In developed countries, cancer, especially breast cancer is one of the leading causes of death. We do not necessarily realize cancer plagues developing countries as well. In fact, breast cancer is an even bigger problem in developing regions such as the Middle East than it is in Europe. Women in these regions are rarely diagnosed until the later stages of breast cancer. Cultural, societal, political and technical factors put women’s health at great risk for the future.
Globally we have seen a dramatic increase in the cases of breast cancer from about 641,000 cases in 1980 to 1.6 million in 2010. Unfortunately 400,000 women will die of breast cancer this year alone. The past decades has seen a shift of women in lower-income classes and developing countries suffering from breast cancer more so than upper-class women. An even more disturbing fact is that in these regions, women of reproductive age account for 40% of cancer deaths as compared to just 10% in Europe.
Women in the Middle East have much larger obstacles to overcome when it comes to preventing breast cancer. There are almost no nation-wide programs to encourage early screening and prevention. Very few women have access to the technology needed to test for breast cancer, and most do not see the doctor until their cancer is at a late stage. Finally women may feel shy or fearful to lose their husbands if they go visit a doctor. Due to such factors it is not surprising that in Saudi Arabia, for example, 70% of breast cancer cases are not reported until later stages.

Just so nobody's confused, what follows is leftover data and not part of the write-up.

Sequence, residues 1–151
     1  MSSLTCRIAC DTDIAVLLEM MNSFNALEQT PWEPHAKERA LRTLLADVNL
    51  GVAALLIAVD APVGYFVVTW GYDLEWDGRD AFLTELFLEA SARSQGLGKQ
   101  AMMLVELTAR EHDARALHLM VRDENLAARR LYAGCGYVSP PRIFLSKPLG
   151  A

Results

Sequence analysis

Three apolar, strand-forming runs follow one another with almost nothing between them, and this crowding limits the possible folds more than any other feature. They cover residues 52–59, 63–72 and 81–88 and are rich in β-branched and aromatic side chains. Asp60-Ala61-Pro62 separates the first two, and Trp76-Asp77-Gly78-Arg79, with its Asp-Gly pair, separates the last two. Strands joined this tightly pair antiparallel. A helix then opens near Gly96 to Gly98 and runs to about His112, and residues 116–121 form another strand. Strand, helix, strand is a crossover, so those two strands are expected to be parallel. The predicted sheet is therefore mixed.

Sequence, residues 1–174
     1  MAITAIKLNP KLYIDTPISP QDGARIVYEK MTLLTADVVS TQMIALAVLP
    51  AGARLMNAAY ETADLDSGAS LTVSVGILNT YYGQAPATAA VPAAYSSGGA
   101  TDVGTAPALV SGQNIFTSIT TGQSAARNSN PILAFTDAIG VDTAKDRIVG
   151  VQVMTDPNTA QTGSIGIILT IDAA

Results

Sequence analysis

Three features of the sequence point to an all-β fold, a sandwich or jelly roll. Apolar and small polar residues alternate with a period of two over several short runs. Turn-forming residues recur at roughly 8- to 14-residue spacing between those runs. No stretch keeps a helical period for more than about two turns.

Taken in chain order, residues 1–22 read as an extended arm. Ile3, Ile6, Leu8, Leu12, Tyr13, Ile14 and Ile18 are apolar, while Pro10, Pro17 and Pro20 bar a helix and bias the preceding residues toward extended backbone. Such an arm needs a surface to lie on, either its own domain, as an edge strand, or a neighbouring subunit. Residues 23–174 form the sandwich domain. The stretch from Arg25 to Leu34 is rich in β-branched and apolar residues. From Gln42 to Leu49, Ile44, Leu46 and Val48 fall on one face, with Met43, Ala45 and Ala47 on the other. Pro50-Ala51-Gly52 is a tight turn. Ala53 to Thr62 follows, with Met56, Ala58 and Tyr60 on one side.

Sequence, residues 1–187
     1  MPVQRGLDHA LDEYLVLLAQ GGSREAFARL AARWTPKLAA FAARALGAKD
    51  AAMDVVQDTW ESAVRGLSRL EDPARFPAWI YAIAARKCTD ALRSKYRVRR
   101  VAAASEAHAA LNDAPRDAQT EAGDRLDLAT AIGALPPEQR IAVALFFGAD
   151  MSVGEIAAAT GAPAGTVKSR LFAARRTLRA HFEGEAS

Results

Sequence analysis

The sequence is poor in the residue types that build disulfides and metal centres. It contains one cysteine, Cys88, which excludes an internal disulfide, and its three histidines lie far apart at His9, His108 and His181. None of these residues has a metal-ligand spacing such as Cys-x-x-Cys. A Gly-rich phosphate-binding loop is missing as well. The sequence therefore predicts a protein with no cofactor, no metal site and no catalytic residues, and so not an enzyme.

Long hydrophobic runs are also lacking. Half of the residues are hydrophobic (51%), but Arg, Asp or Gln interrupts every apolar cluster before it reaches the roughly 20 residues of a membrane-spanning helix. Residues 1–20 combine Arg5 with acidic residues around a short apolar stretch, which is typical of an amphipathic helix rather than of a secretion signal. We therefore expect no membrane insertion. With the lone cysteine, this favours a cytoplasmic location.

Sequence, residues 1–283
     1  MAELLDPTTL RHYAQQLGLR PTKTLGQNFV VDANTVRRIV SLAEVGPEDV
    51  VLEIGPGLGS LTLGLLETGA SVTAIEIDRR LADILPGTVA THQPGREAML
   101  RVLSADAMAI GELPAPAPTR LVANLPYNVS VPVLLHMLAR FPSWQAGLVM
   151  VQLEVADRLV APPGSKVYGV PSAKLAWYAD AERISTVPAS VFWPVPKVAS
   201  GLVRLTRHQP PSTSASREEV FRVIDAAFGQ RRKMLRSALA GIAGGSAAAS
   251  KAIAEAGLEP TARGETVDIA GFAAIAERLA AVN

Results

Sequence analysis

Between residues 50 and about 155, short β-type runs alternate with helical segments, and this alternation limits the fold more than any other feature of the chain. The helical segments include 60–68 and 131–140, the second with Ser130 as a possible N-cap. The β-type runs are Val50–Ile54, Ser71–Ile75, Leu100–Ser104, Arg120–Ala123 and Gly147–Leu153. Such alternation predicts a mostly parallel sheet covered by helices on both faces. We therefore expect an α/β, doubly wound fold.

To overcome these odds it will take innovation and collaboration between leaders of private and public sector. The good news is that there are already programs being implemented to fight these statistics. In Dubai in 2012 the Dubai Health Authority, the Ministry of Health and Sanofi and Philips Healthcare teamed up to launch a campaign with the slogan, “Healthy Women, Healthy Families.” They raise awareness about breast cancer by providing free mammograms through a digitally equipped trucks. In Egypt we have also seen steps to raise awareness. They are using 10 vans equipped with mammogram technology to travel to several regions and offer free tests. Over 106,000 women have been tested with this technology.
While the obstacles seem large for these women, the issue of breast cancer is a highly charged one. With invention and teamwork there is great hope that these statistics can be lowered.
– Catherine Ulrich
Source: WE Blog